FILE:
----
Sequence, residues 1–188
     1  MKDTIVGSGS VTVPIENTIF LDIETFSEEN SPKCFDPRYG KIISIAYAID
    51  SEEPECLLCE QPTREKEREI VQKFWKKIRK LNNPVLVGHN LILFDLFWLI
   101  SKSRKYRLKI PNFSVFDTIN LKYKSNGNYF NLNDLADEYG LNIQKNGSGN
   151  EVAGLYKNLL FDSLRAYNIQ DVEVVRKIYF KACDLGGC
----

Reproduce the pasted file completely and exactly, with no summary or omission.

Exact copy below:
Sequence, residues 1–188
     1  MKDTIVGSGS VTVPIENTIF LDIETFSEEN SPKCFDPRYG KIISIAYAID
    51  SEEPECLLCE QPTREKEREI VQKFWKKIRK LNNPVLVGHN LILFDLFWLI
   101  SKSRKYRLKI PNFSVFDTIN LKYKSNGNYF NLNDLADEYG LNIQKNGSGN
   151  EVAGLYKNLL FDSLRAYNIQ DVEVVRKIYF KACDLGGC